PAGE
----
More

He might have quit dancing if it wasn't for the support of his 2 dads.

A brave boy pushes the gender norms by opting for ballet over football, and his parents couldn't be happier.

True
Wyndham Rewards

Robert and Thomas always knew that their son James liked to jump and move.

But they didn't focus on it until friends pointed out his dancing skills at a wedding. Soon after, the family went to see "The Nutcracker," and that's when James made a decision.

"At intermission he said, 'I want to do that,'" explained one of his dads, in a piece called "The Boy Who Could Dance" by It starts with you. It stays with him.


But James' dreams of smashing it on stage in front of a packed house were almost squashed by bullies.

In an environment where, as one teacher put it, "we still gear kids towards soccer and football and boy things," school bullies made fun of James for embracing ballet. But for him, the decision to dance was simple.

"Instead of playing other types of sports like football or something that I don't like ... I do something that I wanna look forward to every day. Like after school, I'm like, 'Yes, I get to go to the dance studio and dance.'"


Images by It Starts With You.

How did his parents respond to the bullying? Like rock stars.

James' two dads are fantastic because encouraging their son to participate in a sport that knocks down traditional gender norms is incredibly important and should be celebrated.

"They'd like cheer me up, because everyone needs someone to look up to in their life," said James.

That's what awesome parenting is all about.

With the support from his two dads, James now talks confidently about his love for ballet.

And his dance teacher is jazzed. She said, "I have more and more boys auditioning, and it comes from kids like James, who do it, talk about it, invite others to come out."

It's exciting to think about where James may land professionally in the future. "Maybe when I'm older, I can inspire people that it doesn't matter, you can still do what you want to do," he added.

Get it, James! To see "The Boy Who Could Dance" in action, check out the clip below.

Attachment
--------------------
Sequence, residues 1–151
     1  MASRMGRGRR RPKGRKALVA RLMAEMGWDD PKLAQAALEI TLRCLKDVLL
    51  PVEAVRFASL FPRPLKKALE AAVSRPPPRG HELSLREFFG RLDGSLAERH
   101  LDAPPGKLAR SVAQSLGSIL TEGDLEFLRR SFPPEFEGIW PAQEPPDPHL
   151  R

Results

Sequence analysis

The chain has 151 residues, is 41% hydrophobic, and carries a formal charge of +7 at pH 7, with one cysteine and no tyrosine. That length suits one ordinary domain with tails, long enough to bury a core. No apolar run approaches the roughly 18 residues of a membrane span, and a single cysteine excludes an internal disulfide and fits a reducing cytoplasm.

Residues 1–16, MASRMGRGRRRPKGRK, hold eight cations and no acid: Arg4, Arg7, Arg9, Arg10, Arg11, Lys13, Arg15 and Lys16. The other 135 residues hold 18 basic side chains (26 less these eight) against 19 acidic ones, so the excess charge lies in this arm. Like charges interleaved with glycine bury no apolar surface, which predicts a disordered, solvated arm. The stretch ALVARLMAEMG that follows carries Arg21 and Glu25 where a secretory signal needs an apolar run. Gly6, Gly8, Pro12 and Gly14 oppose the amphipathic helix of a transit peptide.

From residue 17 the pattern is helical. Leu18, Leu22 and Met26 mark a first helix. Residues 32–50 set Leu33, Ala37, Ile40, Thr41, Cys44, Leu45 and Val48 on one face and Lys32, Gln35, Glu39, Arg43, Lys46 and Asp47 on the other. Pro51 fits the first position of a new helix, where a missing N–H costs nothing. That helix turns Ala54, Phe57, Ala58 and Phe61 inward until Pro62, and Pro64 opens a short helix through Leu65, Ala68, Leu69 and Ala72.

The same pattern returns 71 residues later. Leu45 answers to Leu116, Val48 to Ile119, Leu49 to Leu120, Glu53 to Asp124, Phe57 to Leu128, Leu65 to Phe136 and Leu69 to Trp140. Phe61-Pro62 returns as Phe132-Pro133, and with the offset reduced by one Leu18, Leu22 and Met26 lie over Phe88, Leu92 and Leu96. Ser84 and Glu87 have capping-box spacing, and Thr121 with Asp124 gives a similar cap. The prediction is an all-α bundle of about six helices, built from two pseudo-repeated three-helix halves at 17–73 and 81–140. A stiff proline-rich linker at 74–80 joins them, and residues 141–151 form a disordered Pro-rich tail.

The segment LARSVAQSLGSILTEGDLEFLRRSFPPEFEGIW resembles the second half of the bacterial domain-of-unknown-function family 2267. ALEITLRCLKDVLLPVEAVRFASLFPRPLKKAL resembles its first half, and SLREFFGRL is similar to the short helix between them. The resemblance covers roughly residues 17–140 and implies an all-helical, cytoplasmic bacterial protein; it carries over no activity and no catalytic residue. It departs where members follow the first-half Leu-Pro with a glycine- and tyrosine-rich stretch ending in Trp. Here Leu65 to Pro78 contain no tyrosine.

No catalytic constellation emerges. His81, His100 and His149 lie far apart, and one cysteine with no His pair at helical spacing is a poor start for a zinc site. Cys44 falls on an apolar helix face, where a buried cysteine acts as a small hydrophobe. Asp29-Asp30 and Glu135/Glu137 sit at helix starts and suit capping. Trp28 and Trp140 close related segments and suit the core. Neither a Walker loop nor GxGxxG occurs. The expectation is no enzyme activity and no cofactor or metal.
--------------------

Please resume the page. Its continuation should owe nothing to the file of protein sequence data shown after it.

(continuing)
Former officials from the George W. Bush administration and campaign launched a super PAC in support of presumptive Democratic nominee Joe Biden, declaring they "knew it was time to take a stand." They claim that they seek to unite and mobilize a community that is historically Republican voters. The group, consisting of at least 200 former officials, aides and Cabinet secretaries, formed "43 Alumni for Biden" to block President Donald Trump from winning a second term. They claim on their website that there have been "far too many days filled with chaos emanating from the highest levels of government" and that "political differences may remain among us, but we look forward to a time when civil, honest and robust policy discussions are the order of the day."

When I read about "43 Alumni for Biden," it gave me a great sense of hope. Even though I didn't vote for Biden and I'm not a huge fan, I am liberal and think it's important to accept anyone willing to admit that they are disappointed in their political party. It takes someone with real strength to admit the damage that has been done to our nation by Trump's presidency. It takes even more strength to say they voted for Trump, they were wrong and now they want to fix it.

My optimism has less to do with what side they are on and much more to do with the act of reaching across the isle. Almost all politicians have their heels dug on issues that align with their respective political party. The only thing worse than someone trying to prove that they are always right is someone putting all their energy into proving that their counterpart is consistently wrong.